When people decide on starting a business, it is most often either because they want to improve their standard of living or because they’ve stumbled upon an opportunity that seems profitable. But sometimes, some people see a chance to make a positive change in the world.
Such an approach is known as social entrepreneurship and it is becoming more and more popular due to globalization, which makes us wonder what we can do to make the world a better place. It involves mission-based businesses that are dedicated to a particular cause, providing their customers with a sense of purpose with every purchase they make.
In this article, you will learn more about what social entrepreneurship means in practice and how to be a part of it.
Social Entrepreneurship: The definition
There are various broad definitions of the term social entrepreneurship, and this is the simplified one: “combining commerce and social issues in a way that improves the lives of people connected to the cause”.
While the success of other businesses is measured in metrics that only involve profit, the success of social entrepreneurship is measured in metrics that include your impact on people, our planet, and profit.
Social Entrepreneurship: The benefits
Nowadays, social responsibility has become an increasing priority for both businesses and consumers, especially when it comes to international development and climate change.
Reportedly, 91% of consumers expect companies to do their business responsibly while addressing environmental and social issues. This shows that consumers are becoming more aware of the impact their purchase decisions can make.
Although social enterprises have to dedicate a part of their profits to the cause they are involved in, there are some benefits that can help them be successful:
Partnerships – Social enterprises usually partner up with non-profit organizations in order to establish a good reputation and expand their existing audience.
Press – Blogs and publications can make such enterprises succeed by sharing their efforts with the readers.
Branding – Mission-based branding is basically presenting your business in a way that will show your customers that they will feel good about themselves if they purchase from you.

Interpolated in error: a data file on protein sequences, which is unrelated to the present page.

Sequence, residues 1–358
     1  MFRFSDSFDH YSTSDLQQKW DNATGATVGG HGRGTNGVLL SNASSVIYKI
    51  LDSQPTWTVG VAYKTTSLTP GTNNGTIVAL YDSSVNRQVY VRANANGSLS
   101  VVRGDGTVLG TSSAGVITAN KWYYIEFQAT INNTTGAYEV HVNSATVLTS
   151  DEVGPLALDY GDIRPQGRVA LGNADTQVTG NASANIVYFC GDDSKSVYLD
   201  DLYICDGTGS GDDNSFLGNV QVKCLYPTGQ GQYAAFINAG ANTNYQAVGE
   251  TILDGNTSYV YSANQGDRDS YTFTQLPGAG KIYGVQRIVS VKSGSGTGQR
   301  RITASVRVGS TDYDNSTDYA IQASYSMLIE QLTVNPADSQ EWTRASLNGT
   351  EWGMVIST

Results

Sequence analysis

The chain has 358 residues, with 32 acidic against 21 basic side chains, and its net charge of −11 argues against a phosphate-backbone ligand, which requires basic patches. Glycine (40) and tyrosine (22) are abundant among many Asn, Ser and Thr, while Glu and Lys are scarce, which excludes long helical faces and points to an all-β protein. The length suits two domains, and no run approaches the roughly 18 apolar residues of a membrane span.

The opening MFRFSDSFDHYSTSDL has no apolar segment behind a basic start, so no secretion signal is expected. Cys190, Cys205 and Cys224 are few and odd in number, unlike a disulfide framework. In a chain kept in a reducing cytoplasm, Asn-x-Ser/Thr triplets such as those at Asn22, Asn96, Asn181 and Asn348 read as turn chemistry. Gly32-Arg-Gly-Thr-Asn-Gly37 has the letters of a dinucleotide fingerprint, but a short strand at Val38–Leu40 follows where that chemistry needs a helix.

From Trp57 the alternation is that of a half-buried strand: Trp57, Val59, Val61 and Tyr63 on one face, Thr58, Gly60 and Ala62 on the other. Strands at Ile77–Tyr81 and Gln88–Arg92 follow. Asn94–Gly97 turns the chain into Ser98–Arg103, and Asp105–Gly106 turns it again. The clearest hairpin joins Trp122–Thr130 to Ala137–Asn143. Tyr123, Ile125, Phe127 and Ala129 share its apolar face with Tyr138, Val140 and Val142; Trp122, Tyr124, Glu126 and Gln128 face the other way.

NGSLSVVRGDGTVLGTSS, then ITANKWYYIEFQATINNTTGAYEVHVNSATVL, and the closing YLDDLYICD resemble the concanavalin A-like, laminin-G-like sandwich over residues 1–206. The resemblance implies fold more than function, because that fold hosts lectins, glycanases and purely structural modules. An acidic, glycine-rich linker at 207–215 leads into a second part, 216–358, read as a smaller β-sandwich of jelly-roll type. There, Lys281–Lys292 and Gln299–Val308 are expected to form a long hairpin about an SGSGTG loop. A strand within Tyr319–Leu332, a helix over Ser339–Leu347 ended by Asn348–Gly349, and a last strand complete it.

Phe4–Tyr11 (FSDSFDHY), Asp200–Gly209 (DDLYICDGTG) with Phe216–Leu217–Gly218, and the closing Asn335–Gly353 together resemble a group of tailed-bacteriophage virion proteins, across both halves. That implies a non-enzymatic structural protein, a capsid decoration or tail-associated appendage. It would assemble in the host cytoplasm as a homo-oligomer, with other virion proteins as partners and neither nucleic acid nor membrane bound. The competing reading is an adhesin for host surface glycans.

Creating your product and defining your mission
The mission is the primary goal of every social enterprise, but the quality of their products is certainly of great importance as well and shouldn’t be neglected. Both of these can let enterprises stand out in a saturated market, so it’s important to think everything through carefully.
When it comes to your products, they have to be something high quality that will also make your customers feel good and socially aware, as their purchase will be helping to alleviate poverty, cure a disease, or raise environmental awareness.
When it comes to defining a mission, it goes without saying that social enterprises donate a certain amount of their profits to some causes, but it is not the only thing that makes them “social”. They can also focus on:
Organizing workshops and initiatives – to teach people how to establish better lives for their communities and themselves
Cutting down the carbon footprint – by educating their customers about the harmfulness of carbon emissions and by planting trees.
Providing job positions – for ex-convicts for example, or for other people who have difficulties finding a job.
Moreover, the most crucial things for the success of your social enterprise are sustainable impact and transparency. To achieve transparency, you have to visibly demonstrate your integrity and show that you are responsible for your mission and the people supporting it.
After deciding what your mission is going to be, you should implement your plans about making a change and extend your contributions along the way.
To sum up, the world certainly needs more social entrepreneurs and more social entrepreneurship ventures. If you decide to become one of them, not only will you make a difference (no matter how small, it counts), but you will also get a sense of personal accomplishment that only comes when you know you’ve done something to help.